Updated: Obama's Financial Regulation Proposal
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Everybody has an opinion on Obama's proposal for revamping financial regulation. I've been busy so I have no idea what's in the plan, so I don't have an opinion.

But, let me make one guess: I bet there's not a single word in the proposal — nor, I presume, has there been a single word in all the commentary on the proposal — about moderating the anti-redlining push for more mortgage lending to minorities with poor creditworthiness that was so central to the Sand State subprime mortgage meltdown that set off the financial crisis.

After all, how can anybody talk about reforming this when nobody will even talk about the fact that the federal Home Mortgage Disclosure Act database shows that 77% of subprime home purchase mortgage dollars in California in 2006 went to minorities?

Update: Well, I was wrong. The White House White Paper talks about the new Consumer Finance Protection Agency intensifying the push for more lending to minorities:

The Agency should enforce fair lending laws and the Community Reinvestment Act and otherwise seek to ensure that underserved consumers and communities have access to prudent financial services, lending, and investment.

A critical part of the CFPA’s mission should be to promote access to financial services, especially for households and communities that traditionally have had limited access. This focus will also help ensure that the CFPA fully internalizes the value of preserving access to financial services and weighs that value against other values when it considers new consumer protection regulations.

Rigorous application of the Community Reinvestment Act (CRA) should be a core function of the CFPA. Some have attempted to blame the subprime meltdown and financial crisis on the CRA and have argued that the CRA must be weakened in order to restore financial stability. These claims and arguments are without any logical or evidentiary basis. It is not tenable that the CRA could suddenly have caused an explosion in bad subprime loans more than 25 years after its enactment. In fact, enforcement of CRA was weakened during the boom and the worst abuses were made by firms not covered by CRA. Moreover, the Federal Reserve has reported that only six percent of all the higher-priced loans were extended by the CRA-covered lenders to lower income borrowers or neighborhoods in the local areas that are the focus of CRA evaluations.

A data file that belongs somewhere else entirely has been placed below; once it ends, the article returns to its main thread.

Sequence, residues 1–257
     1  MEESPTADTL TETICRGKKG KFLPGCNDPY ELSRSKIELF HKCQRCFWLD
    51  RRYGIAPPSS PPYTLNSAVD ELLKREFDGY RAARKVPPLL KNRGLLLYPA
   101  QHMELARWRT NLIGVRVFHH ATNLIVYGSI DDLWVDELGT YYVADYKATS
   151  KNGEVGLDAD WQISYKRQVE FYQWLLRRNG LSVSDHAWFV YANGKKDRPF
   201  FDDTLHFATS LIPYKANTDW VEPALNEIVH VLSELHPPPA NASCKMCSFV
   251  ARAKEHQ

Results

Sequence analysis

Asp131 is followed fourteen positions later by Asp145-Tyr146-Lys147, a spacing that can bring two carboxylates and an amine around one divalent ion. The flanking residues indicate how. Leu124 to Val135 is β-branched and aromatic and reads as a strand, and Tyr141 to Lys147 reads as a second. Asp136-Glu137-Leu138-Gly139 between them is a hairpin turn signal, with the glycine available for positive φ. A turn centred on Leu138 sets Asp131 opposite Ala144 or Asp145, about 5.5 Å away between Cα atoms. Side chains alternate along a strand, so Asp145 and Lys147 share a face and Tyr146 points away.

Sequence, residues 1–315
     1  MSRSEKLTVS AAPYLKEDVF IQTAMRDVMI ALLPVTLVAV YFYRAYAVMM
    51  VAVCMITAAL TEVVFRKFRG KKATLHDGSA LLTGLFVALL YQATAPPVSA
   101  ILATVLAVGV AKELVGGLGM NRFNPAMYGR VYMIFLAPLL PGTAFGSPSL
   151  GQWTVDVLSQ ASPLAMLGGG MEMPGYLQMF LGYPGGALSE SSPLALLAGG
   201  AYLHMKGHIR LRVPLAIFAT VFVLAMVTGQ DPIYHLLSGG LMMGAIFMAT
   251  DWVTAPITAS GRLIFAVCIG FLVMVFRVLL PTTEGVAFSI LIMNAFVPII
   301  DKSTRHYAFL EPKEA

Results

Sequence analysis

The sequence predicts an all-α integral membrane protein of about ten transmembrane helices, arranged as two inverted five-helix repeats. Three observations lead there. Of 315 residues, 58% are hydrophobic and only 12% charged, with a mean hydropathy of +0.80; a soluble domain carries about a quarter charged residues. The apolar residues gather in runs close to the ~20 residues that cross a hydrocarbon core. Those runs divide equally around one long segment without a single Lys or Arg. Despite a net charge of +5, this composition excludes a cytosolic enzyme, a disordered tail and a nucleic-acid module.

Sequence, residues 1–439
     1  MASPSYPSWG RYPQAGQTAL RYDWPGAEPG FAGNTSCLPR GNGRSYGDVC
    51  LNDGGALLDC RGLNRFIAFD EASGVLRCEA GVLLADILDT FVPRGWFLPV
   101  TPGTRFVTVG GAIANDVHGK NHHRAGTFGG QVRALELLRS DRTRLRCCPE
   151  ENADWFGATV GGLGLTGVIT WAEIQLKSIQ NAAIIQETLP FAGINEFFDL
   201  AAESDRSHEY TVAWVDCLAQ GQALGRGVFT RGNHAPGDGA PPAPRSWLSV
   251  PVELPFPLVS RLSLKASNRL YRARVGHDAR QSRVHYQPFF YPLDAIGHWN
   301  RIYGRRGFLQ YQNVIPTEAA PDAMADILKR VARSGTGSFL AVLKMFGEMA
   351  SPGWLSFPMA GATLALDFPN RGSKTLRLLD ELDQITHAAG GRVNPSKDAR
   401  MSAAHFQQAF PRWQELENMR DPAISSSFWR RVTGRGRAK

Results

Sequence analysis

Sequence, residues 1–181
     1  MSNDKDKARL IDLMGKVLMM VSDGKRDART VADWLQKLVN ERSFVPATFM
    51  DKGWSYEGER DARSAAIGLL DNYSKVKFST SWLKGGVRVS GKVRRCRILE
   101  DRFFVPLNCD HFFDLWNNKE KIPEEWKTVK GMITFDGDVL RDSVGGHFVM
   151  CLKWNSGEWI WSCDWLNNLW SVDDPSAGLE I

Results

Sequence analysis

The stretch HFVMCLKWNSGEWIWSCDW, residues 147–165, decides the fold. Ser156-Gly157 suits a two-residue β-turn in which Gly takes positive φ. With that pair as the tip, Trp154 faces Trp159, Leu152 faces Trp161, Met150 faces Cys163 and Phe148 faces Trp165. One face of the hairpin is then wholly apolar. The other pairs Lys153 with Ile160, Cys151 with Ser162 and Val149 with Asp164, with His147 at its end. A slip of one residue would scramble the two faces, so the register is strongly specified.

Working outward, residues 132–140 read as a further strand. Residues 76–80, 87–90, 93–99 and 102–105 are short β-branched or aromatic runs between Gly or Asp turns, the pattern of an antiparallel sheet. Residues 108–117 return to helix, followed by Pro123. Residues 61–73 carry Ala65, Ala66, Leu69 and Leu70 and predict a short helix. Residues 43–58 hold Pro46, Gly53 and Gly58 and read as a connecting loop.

The appropriate response to the crisis is not to weaken the CRA; it is rather to promote robust application of the CRA so that low-income households and communities have access to responsible financial services that truly meet their needs. To that end, we propose that the CFPA should have sole authority to evaluate institutions under the CRA. While the prudential regulators should have the authority to decide applications for institutions to merge, the CFPA should be responsible for determining the institution’s record of meeting the lending, investment, and services needs of its community under the CRA, which would be part of the merger application.

The CFPA should also vigorously enforce fair lending laws to promote access to credit. Furthermore, the CFPA should maintain a fair lending unit with attorneys, compliance specialists, economists, and statisticians. The CFPA should have primary fair lending jurisdiction over federally supervised institutions and concurrent authority with the states over other institutions. Its comprehensive jurisdiction should enable it to develop a holistic, integrated approach to fair lending that targets resources to the areas of greatest risk for discrimination.

To promote fair lending enforcement, as well as community investment objectives, the CFPA should have authority to collect data on mortgage and small business lending. Critical new fields should be added to HMDA data such as a universal loan identifier that permits tying HMDA data to property databases and proprietary loan performance databases, a flag for loans originated by mortgage brokers, information about the type of interest rate (e.g., fixed vs. variable), and other fields that the mortgage crisis has shown to be of critical importance.

But, of course, the HMDA database is for prodding for more lending to minorities. Using it to check up on whether minorities are paying back their loans is unthinkable.

You can take Obama out of the ethnic shakedown racket, but you can't take the ethnic shakedown racketeer out of Obama.

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